Supermax houses 490 inmate beds, roughly 410 of which are currently filled. The rooms are small in size – only 12 feet by 7 feet – and surrounded by thick concrete walls and double metal sliding doors. A single window, 3 feet high and 4 inches wide, is the only source of natural light. By design, only the sky is visible through the window, to ensure that prisoners can never gauge their cell location within the complex to plan an escape.

Each cell is equipped with a small, unmovable concrete stool, a combination sink-toilet, and an automated shower. For a bed, inmates sleep on a concrete slab topped with a thin foam mattress. Assuming good behavior, inmates are allowed a 10-inch black and white television with access to basic educational and recreational programs – but no news channels.

The rooms are heavily soundproofed to prevent the inmates from communicating with one another through the walls, and the doors are covered solid to block any view of the corridors.

All inmates at ADX Florence are assigned to one of six security levels. Confined within the very center of the prison complex is the highest security unit, the “Z Unit” – also nicknamed “The Black Hole.” Reserved for only the worst-behaved inmates, this unit is fully soundproofed, darkened, and equipped with full body restraints built directly into the concrete bed. The Z Unit has space for up to 148 prisoners.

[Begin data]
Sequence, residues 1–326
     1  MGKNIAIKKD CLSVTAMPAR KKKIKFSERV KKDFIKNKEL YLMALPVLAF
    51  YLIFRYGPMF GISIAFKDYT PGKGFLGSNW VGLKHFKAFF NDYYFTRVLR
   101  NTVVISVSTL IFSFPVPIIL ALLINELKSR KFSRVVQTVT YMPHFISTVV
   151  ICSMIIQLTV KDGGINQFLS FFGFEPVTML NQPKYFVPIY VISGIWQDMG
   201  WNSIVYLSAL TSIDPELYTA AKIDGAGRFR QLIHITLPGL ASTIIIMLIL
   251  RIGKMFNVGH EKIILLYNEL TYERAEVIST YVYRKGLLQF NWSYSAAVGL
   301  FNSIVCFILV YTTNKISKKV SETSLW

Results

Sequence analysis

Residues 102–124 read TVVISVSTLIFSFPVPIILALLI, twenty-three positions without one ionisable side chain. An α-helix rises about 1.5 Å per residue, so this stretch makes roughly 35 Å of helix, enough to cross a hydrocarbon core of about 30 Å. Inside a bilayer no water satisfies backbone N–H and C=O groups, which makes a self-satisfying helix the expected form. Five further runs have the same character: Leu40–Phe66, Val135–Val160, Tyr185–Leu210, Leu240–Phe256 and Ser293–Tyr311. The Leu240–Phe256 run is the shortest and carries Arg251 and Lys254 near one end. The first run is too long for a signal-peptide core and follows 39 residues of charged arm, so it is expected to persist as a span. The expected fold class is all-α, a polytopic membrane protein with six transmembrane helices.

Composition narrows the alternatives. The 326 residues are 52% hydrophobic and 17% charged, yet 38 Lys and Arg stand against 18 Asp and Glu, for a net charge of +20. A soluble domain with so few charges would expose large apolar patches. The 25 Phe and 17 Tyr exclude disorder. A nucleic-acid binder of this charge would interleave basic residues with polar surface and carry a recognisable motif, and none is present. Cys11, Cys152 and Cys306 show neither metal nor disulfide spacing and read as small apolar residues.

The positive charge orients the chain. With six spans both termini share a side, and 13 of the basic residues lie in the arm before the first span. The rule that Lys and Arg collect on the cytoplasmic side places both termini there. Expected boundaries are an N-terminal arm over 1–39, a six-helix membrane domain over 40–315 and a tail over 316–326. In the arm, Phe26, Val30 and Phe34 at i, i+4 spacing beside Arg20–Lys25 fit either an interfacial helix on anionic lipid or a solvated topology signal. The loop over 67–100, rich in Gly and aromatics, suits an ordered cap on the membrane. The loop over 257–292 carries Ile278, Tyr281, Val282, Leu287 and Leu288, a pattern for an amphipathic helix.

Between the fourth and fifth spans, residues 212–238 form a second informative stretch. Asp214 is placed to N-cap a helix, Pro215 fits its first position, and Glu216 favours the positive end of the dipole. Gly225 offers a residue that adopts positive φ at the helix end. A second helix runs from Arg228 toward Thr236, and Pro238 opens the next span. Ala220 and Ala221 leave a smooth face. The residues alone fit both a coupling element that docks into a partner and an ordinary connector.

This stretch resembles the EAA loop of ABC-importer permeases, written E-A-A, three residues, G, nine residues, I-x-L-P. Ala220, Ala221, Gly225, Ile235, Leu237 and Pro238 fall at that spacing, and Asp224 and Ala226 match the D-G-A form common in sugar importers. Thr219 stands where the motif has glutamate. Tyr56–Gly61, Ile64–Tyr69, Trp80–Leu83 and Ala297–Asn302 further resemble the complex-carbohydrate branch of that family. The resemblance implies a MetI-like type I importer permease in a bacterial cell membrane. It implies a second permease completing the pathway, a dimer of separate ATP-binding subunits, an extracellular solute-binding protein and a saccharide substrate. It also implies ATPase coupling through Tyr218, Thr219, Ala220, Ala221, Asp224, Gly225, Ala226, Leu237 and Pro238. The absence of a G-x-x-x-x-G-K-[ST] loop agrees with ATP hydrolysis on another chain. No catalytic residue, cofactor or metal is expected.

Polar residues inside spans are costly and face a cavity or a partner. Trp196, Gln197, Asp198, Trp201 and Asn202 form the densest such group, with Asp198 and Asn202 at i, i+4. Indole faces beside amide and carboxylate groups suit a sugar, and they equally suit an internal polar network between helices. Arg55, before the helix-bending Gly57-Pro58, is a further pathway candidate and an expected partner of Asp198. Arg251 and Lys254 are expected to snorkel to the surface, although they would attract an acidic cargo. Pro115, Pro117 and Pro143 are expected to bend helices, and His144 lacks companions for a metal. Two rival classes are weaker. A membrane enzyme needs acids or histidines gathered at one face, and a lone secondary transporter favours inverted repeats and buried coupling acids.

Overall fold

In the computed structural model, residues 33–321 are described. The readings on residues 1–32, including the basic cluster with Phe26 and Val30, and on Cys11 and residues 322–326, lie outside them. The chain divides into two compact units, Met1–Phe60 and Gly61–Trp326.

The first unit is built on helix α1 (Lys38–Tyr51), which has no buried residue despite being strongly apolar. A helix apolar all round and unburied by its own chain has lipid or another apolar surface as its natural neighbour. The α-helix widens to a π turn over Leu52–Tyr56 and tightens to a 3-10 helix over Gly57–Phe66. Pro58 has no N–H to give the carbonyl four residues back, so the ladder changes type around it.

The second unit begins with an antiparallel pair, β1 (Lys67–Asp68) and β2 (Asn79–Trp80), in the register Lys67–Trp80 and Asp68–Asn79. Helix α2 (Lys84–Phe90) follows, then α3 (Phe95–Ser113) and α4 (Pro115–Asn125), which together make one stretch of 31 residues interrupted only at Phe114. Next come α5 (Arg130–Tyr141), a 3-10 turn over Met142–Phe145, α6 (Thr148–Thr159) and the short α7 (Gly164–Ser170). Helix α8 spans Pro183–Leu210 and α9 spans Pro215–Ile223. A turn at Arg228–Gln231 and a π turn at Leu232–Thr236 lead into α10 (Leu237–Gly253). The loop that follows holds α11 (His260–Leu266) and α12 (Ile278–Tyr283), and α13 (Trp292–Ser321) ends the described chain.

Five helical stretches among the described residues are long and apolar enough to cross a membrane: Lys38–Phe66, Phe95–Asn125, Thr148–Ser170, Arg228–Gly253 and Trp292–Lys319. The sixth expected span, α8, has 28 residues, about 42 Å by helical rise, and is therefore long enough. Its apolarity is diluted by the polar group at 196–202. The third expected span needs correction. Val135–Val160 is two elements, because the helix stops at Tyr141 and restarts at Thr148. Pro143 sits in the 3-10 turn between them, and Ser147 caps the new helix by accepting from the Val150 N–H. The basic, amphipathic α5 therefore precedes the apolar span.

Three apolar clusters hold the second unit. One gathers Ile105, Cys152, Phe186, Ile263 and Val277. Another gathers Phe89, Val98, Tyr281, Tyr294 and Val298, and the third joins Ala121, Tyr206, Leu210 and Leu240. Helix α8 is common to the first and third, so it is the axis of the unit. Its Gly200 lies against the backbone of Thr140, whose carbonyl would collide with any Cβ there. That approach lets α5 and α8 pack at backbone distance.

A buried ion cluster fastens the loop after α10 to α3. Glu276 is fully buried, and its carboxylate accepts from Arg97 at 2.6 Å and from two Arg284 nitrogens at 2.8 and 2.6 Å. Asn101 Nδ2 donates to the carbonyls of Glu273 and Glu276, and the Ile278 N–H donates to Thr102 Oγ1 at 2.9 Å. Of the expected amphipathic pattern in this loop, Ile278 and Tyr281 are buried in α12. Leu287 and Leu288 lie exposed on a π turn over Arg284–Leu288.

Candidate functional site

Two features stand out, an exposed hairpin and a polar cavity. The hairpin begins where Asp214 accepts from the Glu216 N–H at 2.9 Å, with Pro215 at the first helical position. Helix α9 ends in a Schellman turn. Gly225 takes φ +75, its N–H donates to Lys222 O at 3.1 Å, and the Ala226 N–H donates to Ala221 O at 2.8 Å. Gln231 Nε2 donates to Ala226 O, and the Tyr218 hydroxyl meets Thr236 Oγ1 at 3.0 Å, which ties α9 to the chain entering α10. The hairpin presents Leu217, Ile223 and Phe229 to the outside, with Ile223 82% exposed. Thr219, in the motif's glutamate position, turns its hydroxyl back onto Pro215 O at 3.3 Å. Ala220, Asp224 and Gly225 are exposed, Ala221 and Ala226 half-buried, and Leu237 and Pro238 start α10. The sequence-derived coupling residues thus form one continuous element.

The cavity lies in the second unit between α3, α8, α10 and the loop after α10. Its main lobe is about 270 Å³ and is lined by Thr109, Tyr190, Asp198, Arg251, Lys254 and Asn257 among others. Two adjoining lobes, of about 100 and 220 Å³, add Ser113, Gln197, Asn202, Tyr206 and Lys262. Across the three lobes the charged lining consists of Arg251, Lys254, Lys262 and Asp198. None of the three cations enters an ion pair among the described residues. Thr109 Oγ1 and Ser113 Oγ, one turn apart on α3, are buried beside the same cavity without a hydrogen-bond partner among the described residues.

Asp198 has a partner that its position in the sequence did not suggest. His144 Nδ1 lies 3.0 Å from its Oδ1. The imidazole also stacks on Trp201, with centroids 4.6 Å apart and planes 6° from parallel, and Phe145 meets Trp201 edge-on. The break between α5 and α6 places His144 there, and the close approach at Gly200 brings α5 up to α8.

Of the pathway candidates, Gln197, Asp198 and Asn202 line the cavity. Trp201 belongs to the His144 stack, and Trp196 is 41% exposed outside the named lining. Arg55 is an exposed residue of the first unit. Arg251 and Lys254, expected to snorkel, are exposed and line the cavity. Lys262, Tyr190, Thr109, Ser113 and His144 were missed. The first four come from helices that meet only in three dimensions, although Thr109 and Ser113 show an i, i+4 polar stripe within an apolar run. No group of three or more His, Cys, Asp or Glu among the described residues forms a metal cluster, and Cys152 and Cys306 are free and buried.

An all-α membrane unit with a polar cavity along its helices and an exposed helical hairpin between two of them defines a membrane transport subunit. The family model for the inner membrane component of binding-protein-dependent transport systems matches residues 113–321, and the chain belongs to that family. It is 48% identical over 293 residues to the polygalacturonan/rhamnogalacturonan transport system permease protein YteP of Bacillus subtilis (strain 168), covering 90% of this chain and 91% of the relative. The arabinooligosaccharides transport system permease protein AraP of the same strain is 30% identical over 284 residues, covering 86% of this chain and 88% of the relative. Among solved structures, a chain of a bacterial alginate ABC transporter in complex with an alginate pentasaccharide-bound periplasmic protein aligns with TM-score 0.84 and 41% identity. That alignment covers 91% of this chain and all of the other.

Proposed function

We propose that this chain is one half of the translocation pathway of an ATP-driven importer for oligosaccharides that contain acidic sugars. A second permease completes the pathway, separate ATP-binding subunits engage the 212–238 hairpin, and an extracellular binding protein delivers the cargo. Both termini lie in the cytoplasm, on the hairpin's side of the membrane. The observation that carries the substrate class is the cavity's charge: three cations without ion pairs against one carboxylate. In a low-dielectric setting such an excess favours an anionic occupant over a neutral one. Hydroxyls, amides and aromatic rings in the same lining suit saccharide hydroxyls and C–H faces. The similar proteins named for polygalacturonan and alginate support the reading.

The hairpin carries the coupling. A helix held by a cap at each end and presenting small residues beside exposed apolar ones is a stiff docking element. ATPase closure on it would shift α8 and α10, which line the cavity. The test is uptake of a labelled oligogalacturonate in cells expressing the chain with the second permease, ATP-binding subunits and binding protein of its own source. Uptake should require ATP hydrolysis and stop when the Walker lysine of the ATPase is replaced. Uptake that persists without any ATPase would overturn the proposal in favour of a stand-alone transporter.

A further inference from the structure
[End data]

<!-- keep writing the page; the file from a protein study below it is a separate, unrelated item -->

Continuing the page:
One notch below the Z Unit in terms of security is the H Unit, also called the Special Security Unit. The cells here are also equipped with full body restraints, and many of the convicted Islamic terrorists are housed here. Inmates may be moved between the various levels of confinement as a punishment for bad behavior or a reward for good behavior.

A Day in the Life of an ADX Prisoner

There’s no two ways about it – life within the walls of the “Alcatraz of the Rockies” is lonely, isolating, repetitive, and grim. Inmates are granted only what they need to survive – food, water, and shelter – and little else. Of those who enter, few will ever see the surrounding mountains, trees, grass, or outside world again.

Prisoners at ADX Florence are kept in solitary confinement within their cells for 23 hours a day. They are permitted one hour of solitary recreation time per day in a concrete pit with a pull-up bar, which former inmates have described as resembling an empty swimming pool.

Sometimes, their one hour of recreation time takes place instead in a “recreation cage,” where the prisoners can see the sky and feel the fresh outdoor air. This space is just large enough for inmates to walk 10 steps in a straight line, or 31 steps in a circle, and is the closest they will get to seeing the outside world during their sentence.

ADX inmates are allowed 3 showers per week, with the cell showers operating on an automated timer. Meals are received through a small slit in the steel door, and the food is carefully selected to ensure that inmates can’t use it to injure themselves or others, or create unhygienic conditions within their cell.